In addition, a non-durable power of attorney can also expire as soon as the agent you have authorized to act on your behalf performs the required task.
5. Springing Power of Attorney
Unlike other types of POAs, a springing power of attorney is not always effective immediately. It only “springs” into effect at some future time when a specified condition is met. For example, when you become incapacitated or leave the country on a military deployment, the springing power of attorney can come into effect and allow someone to run your affairs.
However, you can also create a springing power of attorney that ends when a condition is met. That condition may include when you die or become incapacitated.
Can A Power of Attorney Cash In An IRA?
An IRA POA can withdraw from or cash in an IRA if you authorize your representative to conduct your financial affairs and manage your retirement accounts. And you may also have to fill in documentation provided by your IRA custodian.
However, the language used within the document must be precise. If it’s not, your IRA custodian may not accept it. Alternatively, it may be accepted but limit your representative concerning what they can do financially on your behalf. So, be sure to include all the instructions.
You can also set the conditions under which your agent cashes in your retirement account income to safeguard your interests. There are many ways you can do that:
- If you already have someone managing your affairs, you can set up a durable POA that will remain effective even after becoming incapacitated. Doing so will enable your agent to withdraw your IRA money on your behalf and use them based on your instructions.
- If you are currently managing your affairs but are worried you wouldn’t be in a position to do so in the future, you could get a springing POA that will come into effect when specified conditions are met. For example, you could ensure that someone can access your IRA withdrawals when you are deployed or become incapacitated.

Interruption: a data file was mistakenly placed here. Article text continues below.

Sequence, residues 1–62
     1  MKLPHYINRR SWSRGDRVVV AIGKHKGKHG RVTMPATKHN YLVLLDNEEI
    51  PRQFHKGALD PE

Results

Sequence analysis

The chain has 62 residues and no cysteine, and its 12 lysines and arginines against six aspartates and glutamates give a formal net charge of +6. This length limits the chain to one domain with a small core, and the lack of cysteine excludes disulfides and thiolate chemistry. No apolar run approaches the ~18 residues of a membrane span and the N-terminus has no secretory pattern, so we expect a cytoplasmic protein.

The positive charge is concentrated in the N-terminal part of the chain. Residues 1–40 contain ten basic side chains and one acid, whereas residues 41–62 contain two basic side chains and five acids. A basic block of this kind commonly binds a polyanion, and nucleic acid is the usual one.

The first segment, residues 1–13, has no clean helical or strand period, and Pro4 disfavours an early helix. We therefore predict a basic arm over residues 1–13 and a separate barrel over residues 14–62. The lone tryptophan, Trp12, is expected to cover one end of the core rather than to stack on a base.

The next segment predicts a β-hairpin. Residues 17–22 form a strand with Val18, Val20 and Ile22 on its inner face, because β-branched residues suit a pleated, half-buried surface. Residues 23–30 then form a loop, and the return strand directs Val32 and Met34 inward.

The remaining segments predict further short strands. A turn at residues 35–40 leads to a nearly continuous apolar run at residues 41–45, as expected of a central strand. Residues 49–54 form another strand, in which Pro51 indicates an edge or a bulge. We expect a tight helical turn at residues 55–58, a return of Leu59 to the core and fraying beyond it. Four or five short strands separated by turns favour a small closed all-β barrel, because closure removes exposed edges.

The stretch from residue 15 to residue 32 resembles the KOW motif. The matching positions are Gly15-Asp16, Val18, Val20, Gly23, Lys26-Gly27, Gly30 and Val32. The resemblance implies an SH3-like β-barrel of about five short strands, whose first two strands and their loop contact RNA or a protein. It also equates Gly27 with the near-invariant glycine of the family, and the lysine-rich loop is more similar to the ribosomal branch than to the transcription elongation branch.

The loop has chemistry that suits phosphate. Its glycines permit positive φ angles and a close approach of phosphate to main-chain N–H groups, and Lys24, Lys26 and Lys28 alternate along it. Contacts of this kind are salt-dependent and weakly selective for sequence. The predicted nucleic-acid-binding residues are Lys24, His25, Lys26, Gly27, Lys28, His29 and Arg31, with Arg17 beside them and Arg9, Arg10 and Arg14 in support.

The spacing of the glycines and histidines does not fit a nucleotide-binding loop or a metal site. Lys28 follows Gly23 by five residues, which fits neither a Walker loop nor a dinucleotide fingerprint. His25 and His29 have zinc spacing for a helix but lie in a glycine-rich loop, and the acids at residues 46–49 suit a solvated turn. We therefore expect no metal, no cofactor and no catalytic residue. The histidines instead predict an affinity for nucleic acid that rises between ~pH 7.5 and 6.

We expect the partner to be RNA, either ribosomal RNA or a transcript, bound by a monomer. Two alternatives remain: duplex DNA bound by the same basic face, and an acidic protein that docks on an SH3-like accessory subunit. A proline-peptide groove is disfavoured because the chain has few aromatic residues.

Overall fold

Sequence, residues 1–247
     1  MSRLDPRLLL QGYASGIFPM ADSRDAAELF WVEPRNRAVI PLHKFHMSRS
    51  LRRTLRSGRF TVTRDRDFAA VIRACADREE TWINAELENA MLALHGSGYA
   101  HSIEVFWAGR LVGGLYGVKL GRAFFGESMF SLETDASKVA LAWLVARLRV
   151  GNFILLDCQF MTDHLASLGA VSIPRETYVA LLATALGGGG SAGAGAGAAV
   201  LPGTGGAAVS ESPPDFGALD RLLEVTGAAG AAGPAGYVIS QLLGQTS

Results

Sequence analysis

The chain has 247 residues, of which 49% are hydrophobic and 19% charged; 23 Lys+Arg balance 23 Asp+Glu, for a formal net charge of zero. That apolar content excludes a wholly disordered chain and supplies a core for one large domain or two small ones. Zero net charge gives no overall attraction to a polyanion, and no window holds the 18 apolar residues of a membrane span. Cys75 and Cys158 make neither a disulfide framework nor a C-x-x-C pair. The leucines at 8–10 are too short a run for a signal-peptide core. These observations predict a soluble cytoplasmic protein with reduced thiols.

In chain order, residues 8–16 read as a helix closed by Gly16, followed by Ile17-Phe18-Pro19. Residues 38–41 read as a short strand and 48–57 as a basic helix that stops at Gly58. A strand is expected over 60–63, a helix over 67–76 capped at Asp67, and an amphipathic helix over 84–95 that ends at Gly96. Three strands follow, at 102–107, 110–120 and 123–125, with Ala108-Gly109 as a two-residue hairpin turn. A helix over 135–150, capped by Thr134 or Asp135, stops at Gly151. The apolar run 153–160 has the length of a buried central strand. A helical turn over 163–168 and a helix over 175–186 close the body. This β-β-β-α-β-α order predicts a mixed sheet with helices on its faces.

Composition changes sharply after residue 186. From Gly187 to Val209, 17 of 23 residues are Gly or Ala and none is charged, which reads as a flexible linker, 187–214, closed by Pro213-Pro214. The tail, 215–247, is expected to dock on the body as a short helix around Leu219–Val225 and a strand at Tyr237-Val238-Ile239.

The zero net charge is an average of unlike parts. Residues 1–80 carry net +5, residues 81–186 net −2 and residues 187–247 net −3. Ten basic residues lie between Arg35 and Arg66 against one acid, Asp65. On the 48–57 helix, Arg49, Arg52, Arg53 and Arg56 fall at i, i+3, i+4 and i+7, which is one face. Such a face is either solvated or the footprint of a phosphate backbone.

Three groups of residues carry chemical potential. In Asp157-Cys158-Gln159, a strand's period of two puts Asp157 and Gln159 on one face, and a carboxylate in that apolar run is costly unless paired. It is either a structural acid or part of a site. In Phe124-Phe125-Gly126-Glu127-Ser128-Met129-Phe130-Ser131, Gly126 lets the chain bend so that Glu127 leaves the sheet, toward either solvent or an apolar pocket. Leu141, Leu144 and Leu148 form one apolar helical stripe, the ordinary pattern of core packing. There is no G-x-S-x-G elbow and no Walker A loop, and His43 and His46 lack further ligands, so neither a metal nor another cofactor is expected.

- If you manage your private affairs but need someone to handle your financial matters, including accessing your IRA funds, using a special financial POA could work.
Can IRA Power of Attorney Change IRA Beneficiaries?
A power of attorney can enable someone to change the bank and IRA beneficiaries. If an IRA power of attorney's language is written so that it grants your representative the authority to do that, then an agent could make changes concerning beneficiaries. For this reason, you should be careful to specify what your agent can or cannot do on your behalf when they get power of attorney. A POA is only as strong as the language in it.
When thinking about POA and IRA withdrawal matters, you need to be careful. That’s because when you give someone the power to conduct affairs on your behalf, they can abuse that power and rob you or your loved ones blind.
However, a well-implemented IRA POA can ensure that your financial obligations are met even when you are incapacitated. It will also enable your loved ones to live in comfort when you are no longer in a position to take care of them. For that reason, the agent you choose should be very trustworthy. In addition, you should be very specific about what your representative can or cannot do concerning your IRAs and the monies within them. That way, you can safeguard your interests.
- LEGALZOOM: What Is a Power of Attorney (POA)?
- FREEWILL: 5 types of power of attorney, explained
- LegalTemplates: Types of Power of Attorney: 5 Different Powers of Attorney Explained
- NOLO: The Durable Power of Attorney: Health Care and Finances
- LegalNature: What are the Different Types of Power of Attorney?
- Kindred Healthcare: 4 Types of Power of Attorney: What You Should Know
- Carolinefep: Is Your Durable Power of Attorney Powerful Enough?
- LEGALZOOM: Can Power of Attorney Change Beneficiaries on a Bank Account?